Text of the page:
“I’m scared my grandma is going to die,” a young boy tells his St. Joseph’s Indian School counselor.
It’s a sentence spoken by too many students at our school. While this boy worries about his grandmother, another is anxious about his mother, her father, her aunts, uncles and cousins.
Research shows COVID-19 disproportionately affects communities and people of color in the United States. The pandemic has particularly effected Native American communities, which are at heightened risk because of limited access to health services and inadequate housing, water supplies and other infrastructure in reservation communities. Underlying health disparities like obesity, diabetes and addictions also may make Native Americans vulnerable to becoming seriously ill from COVID-19.
At the time this story was written, one in 750 Indigenous Americans has died from COVID-19 in the U.S.
Those illnesses and deaths include friends, family, neighbors and community members of some students at St. Joseph’s Indian School.
“I have a student whose mother is currently sick in the hospital after contracting pneumonia from COVID-19 complications,” said a St. Joseph’s counselor. “The student often gets very worried about her mom and becomes tearful when she thinks about her.”
Another counselor shared, “I have one student who has experienced significant anxiety impacting his daily functioning. He gets lost in anxious thought throughout the day, thereby impacting his schoolwork negatively.”
It’s a startling reality — thinking about what children are going through and have to process surrounding the virus … but they are doing just that. They’re so resilient.
Despite the changes made at St. Joseph’s last fall and into this spring semester, children are coping quite well. St. Joseph’s Counseling Services therapies include: talk, equine, art, play, drug and alcohol counseling and more.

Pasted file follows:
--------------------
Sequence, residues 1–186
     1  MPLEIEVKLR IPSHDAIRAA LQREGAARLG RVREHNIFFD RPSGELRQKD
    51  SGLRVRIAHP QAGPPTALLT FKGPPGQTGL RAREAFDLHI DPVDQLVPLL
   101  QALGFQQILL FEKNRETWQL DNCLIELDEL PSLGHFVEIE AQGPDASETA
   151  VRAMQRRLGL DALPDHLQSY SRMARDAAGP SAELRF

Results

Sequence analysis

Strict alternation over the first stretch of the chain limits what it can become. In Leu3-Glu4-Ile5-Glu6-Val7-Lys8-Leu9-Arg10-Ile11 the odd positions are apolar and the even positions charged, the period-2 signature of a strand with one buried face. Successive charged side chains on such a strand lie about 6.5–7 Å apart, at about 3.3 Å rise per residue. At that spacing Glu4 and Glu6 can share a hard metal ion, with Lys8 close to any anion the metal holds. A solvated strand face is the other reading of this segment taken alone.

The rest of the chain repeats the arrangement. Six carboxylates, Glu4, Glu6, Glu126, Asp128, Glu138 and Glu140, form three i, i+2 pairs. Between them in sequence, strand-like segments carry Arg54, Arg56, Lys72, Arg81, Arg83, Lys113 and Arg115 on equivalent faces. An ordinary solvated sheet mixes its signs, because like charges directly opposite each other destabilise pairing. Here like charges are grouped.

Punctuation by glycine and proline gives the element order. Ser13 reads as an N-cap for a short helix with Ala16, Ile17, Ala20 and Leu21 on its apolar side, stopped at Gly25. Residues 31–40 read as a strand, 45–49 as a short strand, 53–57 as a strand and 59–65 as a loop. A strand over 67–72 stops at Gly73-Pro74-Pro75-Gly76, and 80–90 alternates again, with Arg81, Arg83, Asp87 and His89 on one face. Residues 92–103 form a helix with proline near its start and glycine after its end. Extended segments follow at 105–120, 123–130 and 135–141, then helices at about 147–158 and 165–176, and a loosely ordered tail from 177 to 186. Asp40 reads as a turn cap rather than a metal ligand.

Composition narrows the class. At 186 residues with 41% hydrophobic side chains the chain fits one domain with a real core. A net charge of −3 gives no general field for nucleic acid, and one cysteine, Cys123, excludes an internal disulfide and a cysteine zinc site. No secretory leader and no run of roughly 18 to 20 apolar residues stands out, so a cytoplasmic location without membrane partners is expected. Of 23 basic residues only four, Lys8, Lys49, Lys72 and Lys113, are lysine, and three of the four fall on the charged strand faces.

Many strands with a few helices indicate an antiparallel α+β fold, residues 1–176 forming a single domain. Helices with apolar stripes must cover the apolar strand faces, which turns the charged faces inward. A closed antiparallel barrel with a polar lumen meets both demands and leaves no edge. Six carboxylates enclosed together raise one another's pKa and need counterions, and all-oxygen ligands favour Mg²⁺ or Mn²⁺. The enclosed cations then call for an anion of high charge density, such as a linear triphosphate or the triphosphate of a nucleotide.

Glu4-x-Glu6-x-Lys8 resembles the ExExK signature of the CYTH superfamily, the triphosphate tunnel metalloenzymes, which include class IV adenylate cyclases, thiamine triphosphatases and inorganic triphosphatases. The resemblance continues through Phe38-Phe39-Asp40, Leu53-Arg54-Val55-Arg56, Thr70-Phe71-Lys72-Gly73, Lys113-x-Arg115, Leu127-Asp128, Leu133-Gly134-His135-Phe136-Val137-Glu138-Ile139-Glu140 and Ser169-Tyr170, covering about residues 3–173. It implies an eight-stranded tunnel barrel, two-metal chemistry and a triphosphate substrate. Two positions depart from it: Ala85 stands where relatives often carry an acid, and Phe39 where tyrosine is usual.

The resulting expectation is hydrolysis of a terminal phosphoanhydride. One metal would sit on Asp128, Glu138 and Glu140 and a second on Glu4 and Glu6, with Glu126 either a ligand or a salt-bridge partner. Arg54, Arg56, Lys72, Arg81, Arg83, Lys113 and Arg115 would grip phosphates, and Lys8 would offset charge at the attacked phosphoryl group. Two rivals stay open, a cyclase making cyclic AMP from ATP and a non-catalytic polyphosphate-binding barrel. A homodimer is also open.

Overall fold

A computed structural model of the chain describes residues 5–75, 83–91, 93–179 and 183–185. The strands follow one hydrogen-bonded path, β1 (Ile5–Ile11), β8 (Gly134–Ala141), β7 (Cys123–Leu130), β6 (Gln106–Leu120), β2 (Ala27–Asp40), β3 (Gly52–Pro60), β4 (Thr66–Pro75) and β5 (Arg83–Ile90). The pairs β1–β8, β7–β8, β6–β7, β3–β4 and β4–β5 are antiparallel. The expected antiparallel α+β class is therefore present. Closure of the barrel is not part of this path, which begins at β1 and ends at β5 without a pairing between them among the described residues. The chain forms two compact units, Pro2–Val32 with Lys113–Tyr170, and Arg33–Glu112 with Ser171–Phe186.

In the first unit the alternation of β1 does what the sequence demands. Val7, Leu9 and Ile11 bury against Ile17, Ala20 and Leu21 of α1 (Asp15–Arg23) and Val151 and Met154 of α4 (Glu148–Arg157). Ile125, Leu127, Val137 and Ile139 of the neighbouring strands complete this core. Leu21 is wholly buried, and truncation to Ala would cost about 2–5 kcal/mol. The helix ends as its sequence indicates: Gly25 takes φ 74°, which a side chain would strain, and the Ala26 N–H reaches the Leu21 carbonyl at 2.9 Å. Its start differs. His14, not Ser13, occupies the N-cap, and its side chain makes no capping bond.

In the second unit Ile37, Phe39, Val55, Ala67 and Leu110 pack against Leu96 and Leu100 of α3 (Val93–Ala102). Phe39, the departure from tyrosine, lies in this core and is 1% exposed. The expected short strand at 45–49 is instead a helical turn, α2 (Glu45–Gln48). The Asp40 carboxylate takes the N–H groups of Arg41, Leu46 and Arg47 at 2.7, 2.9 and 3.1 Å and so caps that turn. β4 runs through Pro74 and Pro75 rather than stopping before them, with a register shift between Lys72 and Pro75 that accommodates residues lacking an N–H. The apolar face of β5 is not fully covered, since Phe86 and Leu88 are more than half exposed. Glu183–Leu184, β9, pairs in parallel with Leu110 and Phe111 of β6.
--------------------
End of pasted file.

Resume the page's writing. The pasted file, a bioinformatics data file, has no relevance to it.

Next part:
“Depending on the student, some counseling sessions are spent talking things through. We empathize with the worry and then talk about how, while it is perfectly normal to worry, we also need to learn how to cope with it, so it doesn’t hurt us emotionally, mentally and physically,” said a St. Joseph’s counselor. “So, we go over and practice coping skills and tools to process and release trauma stored in the body.”
Students have expressed they feel safer at St. Joseph’s due to the extra measures put in place. Some of the measures include:
- Splitting students into smaller communities throughout the school year: grades 2-3, 4-7, 7-8 and high school.
- Testing all students with symptoms of COVID-19 upon arrival.
- Quarantining students to their campus homes for several weeks and utilizing e-learning strategies before returning students to school classrooms after breaks.
- Randomly testing staff members for COVID-19 who work within close proximity to students in an attempt to catch any asymptomatic people from passing the virus on to someone else.
- Limiting off-campus outings for the safety of the students.
- Mask wearing for all staff and students.
And that’s just a short summary. There have been a lot of other changes, and our students and staff are rising to the challenge.
“Students understand the impact and danger of the virus, especially for their elders,” said another counselor. “Families and parents have expressed a lot of gratitude about the safety procedures we are implementing this year for their children.”
And we want to extend that gratitude on to you. If it were not for your generosity, we would not have been able to rollout with our pandemic response so efficiently and effectively. Please keep St. Joseph’s in your prayers as we continue to combat the COVID-19 virus and the bubble of safety and health we’ve created for young Lakota children who need it the most.
Philámayaye — thank you — for your steadfast support during this difficult time.